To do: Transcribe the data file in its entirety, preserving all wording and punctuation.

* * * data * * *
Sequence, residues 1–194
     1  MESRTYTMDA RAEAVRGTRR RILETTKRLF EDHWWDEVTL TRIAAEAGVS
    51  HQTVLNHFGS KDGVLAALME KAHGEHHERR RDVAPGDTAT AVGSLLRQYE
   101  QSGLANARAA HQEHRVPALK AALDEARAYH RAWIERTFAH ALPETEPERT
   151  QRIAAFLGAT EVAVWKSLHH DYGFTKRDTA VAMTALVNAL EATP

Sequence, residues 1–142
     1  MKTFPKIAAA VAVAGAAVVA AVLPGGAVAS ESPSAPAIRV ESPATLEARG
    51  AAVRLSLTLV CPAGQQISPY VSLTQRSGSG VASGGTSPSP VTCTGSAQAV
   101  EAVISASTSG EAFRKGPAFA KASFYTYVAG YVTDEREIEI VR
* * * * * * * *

Sequence, residues 1–194
     1  MESRTYTMDA RAEAVRGTRR RILETTKRLF EDHWWDEVTL TRIAAEAGVS
    51  HQTVLNHFGS KDGVLAALME KAHGEHHERR RDVAPGDTAT AVGSLLRQYE
   101  QSGLANARAA HQEHRVPALK AALDEARAYH RAWIERTFAH ALPETEPERT
   151  QRIAAFLGAT EVAVWKSLHH DYGFTKRDTA VAMTALVNAL EATP

Sequence, residues 1–142
     1  MKTFPKIAAA VAVAGAAVVA AVLPGGAVAS ESPSAPAIRV ESPATLEARG
    51  AAVRLSLTLV CPAGQQISPY VSLTQRSGSG VASGGTSPSP VTCTGSAQAV
   101  EAVISASTSG EAFRKGPAFA KASFYTYVAG YVTDEREIEI VR